Soaking makes for cleaner clothes.

 

Yep! I only have 3 months of handwashing experience, but have found all of that to be true. I would also add:

 

• Wringing is easy if you do it in sections on heavier items.

• Detergent is next to impossible to fully rinse out. We use soap nuts & sometimes dish soap for bigger dirt (kitchen towels & rags especially).

• You'll never regret putting in a laundry sink in place of a traditional bathroom sink if you are building or rehabbing. We put one in our bathroom when we built our home, and it is used for everything from handwashing laundry to rinsing baby's bottom after a blowout diaper to spraying off a toddler's muddy feet. Ours is the smallest size we could find but it is deep enough for babies & toddlers to stand up in. They make bigger ones that have washboards attached.

• I think it's hard to do more than one load a day because soaking is my key to getting the clothes clean and they often will be in the sink most of the morning in various stages of soaks. So I would get a bucket or a washbin or a sink large enough to accommodate all the laundry you will want to accomplish in a week, broken up over 7 washes.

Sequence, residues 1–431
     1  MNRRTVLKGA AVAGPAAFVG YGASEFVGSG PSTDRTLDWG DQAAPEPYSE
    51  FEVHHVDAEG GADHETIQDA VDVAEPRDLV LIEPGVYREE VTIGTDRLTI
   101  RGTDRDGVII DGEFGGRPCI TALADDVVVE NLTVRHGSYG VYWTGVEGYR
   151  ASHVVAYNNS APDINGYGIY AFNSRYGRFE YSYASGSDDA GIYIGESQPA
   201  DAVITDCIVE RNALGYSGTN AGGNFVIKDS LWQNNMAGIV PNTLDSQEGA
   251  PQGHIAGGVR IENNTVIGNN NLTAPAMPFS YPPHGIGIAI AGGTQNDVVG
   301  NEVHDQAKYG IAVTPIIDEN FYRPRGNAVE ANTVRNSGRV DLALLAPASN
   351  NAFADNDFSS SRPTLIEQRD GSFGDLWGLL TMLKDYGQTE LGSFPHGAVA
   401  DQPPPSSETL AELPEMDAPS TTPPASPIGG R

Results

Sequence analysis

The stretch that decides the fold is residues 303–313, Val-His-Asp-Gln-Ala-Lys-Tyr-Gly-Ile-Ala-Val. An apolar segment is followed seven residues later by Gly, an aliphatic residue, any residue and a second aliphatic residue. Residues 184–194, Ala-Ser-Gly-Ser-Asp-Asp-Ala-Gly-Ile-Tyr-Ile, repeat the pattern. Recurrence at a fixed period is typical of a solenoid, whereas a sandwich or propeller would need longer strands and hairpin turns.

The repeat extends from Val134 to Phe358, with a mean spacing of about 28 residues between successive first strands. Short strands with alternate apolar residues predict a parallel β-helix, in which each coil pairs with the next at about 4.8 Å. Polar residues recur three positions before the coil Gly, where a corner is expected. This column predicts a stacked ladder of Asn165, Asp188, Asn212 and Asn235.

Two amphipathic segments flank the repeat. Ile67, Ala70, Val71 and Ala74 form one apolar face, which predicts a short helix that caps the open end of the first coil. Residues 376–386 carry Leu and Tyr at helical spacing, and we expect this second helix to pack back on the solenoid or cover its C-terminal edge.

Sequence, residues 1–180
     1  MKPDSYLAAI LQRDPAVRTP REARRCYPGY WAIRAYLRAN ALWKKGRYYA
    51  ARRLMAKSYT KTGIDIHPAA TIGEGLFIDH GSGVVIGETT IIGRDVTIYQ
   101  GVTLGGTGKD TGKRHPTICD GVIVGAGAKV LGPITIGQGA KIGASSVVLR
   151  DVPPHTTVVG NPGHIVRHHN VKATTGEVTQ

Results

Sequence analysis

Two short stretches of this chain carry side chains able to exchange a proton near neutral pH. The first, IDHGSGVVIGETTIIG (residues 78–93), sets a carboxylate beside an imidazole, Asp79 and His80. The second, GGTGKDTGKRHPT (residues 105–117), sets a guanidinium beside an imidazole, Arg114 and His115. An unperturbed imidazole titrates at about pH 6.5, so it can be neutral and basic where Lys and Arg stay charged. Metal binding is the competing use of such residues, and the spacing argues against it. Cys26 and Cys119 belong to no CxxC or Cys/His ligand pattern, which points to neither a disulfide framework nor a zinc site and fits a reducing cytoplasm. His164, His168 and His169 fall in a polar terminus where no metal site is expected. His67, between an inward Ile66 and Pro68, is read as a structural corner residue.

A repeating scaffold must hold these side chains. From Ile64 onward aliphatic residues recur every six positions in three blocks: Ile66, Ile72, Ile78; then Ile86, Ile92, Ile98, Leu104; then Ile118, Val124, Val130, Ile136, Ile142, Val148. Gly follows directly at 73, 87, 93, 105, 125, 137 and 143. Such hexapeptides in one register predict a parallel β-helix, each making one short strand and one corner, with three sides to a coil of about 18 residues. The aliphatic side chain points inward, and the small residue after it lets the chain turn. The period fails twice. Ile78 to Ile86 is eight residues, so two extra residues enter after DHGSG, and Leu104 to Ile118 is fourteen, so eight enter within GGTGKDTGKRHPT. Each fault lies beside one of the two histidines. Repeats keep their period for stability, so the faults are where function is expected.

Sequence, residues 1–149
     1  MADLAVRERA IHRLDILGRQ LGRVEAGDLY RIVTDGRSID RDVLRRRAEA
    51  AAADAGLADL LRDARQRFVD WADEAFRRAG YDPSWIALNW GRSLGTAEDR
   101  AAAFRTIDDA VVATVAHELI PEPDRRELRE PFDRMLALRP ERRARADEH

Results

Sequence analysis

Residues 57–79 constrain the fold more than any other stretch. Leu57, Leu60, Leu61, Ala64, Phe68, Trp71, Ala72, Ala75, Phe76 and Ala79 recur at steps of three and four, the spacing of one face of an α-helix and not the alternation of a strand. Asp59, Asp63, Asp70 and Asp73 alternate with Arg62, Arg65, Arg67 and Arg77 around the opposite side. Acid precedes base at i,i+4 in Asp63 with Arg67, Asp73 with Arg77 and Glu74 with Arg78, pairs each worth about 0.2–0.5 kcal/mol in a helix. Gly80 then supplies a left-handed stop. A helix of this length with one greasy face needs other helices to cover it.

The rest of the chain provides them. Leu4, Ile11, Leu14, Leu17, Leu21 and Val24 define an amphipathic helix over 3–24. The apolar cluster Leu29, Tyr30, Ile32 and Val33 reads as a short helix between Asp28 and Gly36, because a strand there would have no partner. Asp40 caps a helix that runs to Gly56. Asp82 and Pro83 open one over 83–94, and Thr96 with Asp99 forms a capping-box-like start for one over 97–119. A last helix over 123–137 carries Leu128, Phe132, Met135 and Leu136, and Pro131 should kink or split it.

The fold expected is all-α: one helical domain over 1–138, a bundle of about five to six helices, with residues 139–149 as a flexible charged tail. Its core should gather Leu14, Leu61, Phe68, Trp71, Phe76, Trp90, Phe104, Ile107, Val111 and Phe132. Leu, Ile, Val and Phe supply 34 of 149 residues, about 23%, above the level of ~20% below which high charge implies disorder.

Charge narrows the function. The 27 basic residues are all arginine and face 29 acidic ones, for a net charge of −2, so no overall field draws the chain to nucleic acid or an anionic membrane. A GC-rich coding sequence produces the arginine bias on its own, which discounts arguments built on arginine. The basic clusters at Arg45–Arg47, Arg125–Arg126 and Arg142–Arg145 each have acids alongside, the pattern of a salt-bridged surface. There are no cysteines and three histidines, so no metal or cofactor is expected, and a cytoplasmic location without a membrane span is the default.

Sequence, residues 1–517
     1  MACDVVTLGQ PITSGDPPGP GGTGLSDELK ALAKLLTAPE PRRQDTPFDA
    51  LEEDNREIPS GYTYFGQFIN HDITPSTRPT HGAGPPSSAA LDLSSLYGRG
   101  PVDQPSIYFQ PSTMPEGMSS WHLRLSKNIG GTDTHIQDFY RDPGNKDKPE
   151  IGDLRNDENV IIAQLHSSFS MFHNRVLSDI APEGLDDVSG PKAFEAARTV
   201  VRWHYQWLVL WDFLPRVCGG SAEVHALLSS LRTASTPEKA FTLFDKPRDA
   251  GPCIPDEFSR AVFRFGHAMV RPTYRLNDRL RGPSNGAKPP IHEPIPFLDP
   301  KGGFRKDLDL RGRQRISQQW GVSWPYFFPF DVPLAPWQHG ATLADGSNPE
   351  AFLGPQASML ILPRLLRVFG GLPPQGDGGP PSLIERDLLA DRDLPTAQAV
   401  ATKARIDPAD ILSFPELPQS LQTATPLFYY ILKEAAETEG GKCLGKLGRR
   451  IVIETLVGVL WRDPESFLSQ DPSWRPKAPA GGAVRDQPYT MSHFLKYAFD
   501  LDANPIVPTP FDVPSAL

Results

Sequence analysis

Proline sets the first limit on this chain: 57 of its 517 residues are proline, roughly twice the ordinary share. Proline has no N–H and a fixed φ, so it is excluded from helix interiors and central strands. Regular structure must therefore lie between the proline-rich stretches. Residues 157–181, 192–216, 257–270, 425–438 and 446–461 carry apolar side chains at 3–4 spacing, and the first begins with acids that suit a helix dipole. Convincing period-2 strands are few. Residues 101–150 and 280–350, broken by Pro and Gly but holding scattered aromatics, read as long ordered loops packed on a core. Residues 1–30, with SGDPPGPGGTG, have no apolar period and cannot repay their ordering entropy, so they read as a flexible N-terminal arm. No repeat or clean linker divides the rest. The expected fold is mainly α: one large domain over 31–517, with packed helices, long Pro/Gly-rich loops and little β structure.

• If you don't mind some laundry buildup and the occasional laundromat trip, more clothes than you need can be a good thing. If you want to avoid that altogether, scale back on your clothes to only what you absolutely need. For me, success in avoiding the laundromat depends on avoiding getting the clothes dirty, so we try to reuse jammies for several nights, wear aprons if possible, use bibs more often on little ones, etc.

 

It has become a routine for us now & is not very hard to keep up with, BUT, dh has been traveling quite a bit and doing laundry on the road mostly. Having his big heavy clothes in the wash cycle changes things here and usually ends up with a laundromat or relatives-with-a-machine trip for us. :-)

post #20 of 21
I fill up my bathtub with my kids clothes and use the plunger, this works well. But the only issue I have is wringing out the clothes afterwards! Hope that helps...joy.gif